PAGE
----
Libraries across L.A. Unified are closing their doors.
Figures out this week show only half of L.A. Unified school libraries have even part-time staff and far fewer have a credentialed librarian.
In a district of 768 schools libraries, there are only 98 librarians to teach students how to find information, select a text or coordinate reading programs. Even adding library aides to the mix, 332 school libraries do not have staff.
Without librarians or library aides, many principals have been forced to keep libraries locked or run them illegally with parent volunteers or other school site staff. California law does not allow fill-ins for trained library staff.
School board member Monica Ratliff said she had heard from parents about closures at their schools, but it took her office months to get data showing the scope of library cuts.
"Basically we just kept hounding and hounding the district staff until we got the information," she said.
Now with data in hand, Ratliff and school board president Richard Vladovic want to create a "modern libraries task force" to not just outline the current state of libraries and funding sources - but also to explore potential collaborations with outside organizations – such as the city library - and alternative ways to get high-need students access to library books.
"I want us to start addressing this publicly," Ratliff said. "Unfortunately, not much attention has been paid to these libraries and basically what's a lack of access to resources. These libraries already exist and they are filled with books that students can't access."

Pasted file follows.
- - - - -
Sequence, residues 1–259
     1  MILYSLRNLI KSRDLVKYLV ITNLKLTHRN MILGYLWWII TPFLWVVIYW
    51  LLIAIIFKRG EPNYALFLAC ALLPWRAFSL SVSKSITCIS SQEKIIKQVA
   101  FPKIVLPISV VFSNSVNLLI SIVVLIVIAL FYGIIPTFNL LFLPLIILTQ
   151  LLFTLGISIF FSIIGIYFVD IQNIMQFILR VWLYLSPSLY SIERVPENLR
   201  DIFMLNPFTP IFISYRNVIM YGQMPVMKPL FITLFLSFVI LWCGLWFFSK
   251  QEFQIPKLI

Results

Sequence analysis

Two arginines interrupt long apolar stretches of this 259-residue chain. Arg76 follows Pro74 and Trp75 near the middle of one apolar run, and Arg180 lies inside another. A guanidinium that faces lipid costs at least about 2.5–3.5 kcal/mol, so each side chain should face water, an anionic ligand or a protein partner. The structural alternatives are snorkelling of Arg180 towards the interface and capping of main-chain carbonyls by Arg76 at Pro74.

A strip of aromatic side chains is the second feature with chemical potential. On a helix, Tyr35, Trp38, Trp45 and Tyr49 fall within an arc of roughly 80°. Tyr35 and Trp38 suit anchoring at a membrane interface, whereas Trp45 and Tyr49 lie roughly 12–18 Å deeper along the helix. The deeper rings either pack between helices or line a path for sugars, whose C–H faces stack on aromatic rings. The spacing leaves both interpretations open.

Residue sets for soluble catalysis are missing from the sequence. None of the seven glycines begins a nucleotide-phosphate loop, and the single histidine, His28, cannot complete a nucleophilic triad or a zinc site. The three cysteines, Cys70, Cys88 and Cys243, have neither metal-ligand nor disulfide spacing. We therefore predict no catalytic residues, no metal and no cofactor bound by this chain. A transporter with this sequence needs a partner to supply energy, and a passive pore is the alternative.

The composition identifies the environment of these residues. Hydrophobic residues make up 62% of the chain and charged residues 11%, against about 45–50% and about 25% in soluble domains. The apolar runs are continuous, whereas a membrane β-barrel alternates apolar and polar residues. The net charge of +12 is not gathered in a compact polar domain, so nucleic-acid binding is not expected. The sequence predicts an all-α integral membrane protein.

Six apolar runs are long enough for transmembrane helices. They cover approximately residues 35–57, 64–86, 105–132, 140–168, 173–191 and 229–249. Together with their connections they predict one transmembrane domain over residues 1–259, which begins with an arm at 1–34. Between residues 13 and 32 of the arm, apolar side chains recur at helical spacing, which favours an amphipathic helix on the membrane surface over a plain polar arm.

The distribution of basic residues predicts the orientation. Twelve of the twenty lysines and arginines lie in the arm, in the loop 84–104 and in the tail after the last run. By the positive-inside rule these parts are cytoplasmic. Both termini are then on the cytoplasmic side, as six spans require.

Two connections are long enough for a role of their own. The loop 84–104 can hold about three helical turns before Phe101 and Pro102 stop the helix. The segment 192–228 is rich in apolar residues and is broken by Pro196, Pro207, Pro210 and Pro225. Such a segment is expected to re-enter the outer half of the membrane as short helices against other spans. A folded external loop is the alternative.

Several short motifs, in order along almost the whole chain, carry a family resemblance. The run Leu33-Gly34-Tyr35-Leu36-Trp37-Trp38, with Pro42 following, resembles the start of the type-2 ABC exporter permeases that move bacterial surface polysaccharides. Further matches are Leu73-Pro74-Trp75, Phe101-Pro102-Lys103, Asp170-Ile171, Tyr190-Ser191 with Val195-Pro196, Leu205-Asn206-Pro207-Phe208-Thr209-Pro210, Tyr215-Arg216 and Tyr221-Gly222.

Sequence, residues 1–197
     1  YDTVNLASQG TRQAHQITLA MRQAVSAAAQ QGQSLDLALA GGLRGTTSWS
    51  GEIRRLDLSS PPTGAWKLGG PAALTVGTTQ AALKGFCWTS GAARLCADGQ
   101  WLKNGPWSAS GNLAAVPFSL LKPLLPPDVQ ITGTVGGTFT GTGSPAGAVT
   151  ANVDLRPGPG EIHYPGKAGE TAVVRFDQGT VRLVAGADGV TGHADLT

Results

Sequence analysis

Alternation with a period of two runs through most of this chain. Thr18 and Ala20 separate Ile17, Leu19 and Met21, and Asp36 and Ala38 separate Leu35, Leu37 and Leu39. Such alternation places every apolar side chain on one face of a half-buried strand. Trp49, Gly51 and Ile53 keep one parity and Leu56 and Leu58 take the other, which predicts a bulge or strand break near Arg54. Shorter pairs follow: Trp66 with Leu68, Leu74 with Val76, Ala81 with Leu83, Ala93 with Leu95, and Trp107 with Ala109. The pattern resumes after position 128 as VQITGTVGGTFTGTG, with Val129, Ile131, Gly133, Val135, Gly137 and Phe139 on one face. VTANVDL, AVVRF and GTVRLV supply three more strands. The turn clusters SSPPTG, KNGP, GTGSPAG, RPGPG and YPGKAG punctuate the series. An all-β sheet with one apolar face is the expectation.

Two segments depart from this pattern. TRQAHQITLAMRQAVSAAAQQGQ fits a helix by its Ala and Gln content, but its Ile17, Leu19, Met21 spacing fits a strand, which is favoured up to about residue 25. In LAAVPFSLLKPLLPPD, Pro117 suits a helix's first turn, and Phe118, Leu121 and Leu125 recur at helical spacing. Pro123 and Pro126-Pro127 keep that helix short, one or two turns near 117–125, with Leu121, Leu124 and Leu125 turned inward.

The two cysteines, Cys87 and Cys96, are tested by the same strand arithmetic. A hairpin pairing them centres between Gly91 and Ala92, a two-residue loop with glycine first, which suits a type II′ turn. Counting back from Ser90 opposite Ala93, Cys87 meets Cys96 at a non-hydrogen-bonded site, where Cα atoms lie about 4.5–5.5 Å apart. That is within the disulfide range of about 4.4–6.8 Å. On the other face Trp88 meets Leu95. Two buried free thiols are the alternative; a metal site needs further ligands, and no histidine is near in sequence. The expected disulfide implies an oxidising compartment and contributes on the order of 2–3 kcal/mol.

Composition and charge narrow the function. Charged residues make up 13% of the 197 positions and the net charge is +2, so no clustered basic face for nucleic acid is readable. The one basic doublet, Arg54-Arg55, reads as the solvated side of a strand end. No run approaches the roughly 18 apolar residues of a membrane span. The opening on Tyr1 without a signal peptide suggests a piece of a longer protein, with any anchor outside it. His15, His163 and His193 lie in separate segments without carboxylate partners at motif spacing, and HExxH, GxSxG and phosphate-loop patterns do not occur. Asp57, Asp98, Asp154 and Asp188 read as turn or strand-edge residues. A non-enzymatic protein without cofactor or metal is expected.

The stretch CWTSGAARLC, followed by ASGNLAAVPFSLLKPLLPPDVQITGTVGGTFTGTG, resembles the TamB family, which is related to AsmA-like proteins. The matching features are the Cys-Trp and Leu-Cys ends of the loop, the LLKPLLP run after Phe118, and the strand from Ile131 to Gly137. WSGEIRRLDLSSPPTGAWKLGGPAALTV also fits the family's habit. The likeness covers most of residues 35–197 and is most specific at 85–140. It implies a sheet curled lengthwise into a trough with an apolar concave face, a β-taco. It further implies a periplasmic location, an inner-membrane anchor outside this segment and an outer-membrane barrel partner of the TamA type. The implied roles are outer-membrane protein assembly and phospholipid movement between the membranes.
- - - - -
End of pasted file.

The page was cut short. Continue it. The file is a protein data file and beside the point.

Members of the task force would likely include both a librarian and library aide as well as people from the Los Angeles Public Library System, UCLA and literacy focused non-profits. The task force would submit recommendations to the school board before the creation of the 2014-2015 district budget.
Earlier records provided by the district to KPCC showed fewer shuttered libraries.
Those figures showed cuts hit middle schools the hardest — 83 percent of them are without a librarian.
Several parent groups across the Los Angeles area are digging into their own pockets to bring back their children's libraries. A parent fundraiser for Wonderland Avenue Elementary, in Canyon Hills, raised $40,000 to bring in a library aide - a cheaper option than the fully certified librarian.